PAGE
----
• If you want to migrate the container over time it can be quite tricky as its hard to clean up APIs, consumers and other Kong resources as you delete them (the database Kong uses is long lasting)

By writing a custom terraform provider for Kong all of these problems go away.  As terraform uses a declarative language you simply declare the state that you want the thing you are configuring to be in (in this case Kong) and terraform looks at the current state and automatically works out how to get there.  This makes everything so much simpler.  A good example is if you remove an API in our current world you have to remember to write a line of Ruby to delete the old API.  When using terraform you simply remove the API from your configuration and terraform deletes it for you.

Building upon the way that I wrote gokong I wrote terraform provider kong in the same vein, ie full stack testing using real components and no mocks! This means that the acceptance tests in terraform provider kong spin up a real Kong container and apply terraform plans to it, check it is in the expected state and then destroy it again. Testing in this way gives you ultimate confidence that the code works!

To automate releases of new versions of terraform provider kong I have used the excellent goreleaser. Goreleaser automates building your code for multiple platforms, zipping/tar balling it up and uploading it to github. It is so easy to use, kudos to the authors. To setup you simply need to create a goreleaser.yml file:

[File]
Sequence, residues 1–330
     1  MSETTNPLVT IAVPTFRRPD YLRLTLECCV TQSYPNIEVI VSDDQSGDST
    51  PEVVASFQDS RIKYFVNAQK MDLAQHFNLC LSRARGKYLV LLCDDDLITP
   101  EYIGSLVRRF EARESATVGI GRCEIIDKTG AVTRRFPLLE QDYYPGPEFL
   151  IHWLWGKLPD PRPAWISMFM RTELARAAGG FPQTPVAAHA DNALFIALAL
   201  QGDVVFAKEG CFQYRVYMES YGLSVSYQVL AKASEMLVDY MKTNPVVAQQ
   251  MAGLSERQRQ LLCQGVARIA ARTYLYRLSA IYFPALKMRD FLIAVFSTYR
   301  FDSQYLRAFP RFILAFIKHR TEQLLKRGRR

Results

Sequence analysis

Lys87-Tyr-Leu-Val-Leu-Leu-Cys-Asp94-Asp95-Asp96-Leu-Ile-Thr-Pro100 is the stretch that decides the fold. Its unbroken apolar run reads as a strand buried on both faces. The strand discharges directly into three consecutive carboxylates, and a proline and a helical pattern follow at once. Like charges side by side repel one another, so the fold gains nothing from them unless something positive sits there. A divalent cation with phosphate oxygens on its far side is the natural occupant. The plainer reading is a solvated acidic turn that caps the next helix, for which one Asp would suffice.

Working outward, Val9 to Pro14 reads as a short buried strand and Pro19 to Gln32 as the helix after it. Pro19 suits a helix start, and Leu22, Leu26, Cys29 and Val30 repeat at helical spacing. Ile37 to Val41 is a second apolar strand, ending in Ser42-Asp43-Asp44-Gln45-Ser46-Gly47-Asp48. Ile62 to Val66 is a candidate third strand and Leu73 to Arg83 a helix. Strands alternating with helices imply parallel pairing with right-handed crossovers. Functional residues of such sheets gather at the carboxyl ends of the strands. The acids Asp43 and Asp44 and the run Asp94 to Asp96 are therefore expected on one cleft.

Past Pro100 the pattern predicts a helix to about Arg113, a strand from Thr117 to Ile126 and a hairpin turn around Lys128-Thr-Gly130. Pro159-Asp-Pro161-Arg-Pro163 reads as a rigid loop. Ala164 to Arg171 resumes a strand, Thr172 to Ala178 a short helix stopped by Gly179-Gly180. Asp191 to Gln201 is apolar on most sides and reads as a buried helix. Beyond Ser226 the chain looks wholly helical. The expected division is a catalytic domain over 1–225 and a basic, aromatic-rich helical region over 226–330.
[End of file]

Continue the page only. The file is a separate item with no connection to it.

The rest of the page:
My file specifies the binary and builds for mac (Darwin), Linux and Windows.  The last part is to define a task to run goreleaser as part of your build.  Goreleaser will only run when the build is running as a tag build, therefore you can create a task and run it on every build and goreleaser will only build a release for a tagged build, pretty smart.  My build task to create a release looks like:

I run the release task as part of every travis build.  You also need to create a github token which is used by goreleaser to upload the release to your github account.  To generate a github token go to https://github.com/settings/tokens/new.  Then simply set it as a secure environment variable in your .travis.yml and goreleaser will pick it up for you.

Then when you want to create a release you can simply do:

Which will build a new v0.1.0 release and automatically create the binaries and upload the release to Github.  Pretty smart!

The last thing I wanted to go through was that I’m taking advantage of the build matrix feature of travis to run the tests against multiple versions of kong. The following section of my travis.yml file:

Travis will automatically run a build for each line under the matrix definition.  Each with the values on the line.  I pass the KONG_VERSION parameter all of the way through to the code that pulls the Kong container for Docker so it will pull the version that is specified here.  Hence I can easily update this build to run against many versions of Kong.  As new versions are released I can simply add a line to the build matrix and it will automatically be tested on travis.  This is a really powerful feature, being able to run your tests against multiple versions of a target piece of software is immense!

If you are interested terraform provider kong or gokong I would love to hear your feedback and get your ideas and contributions.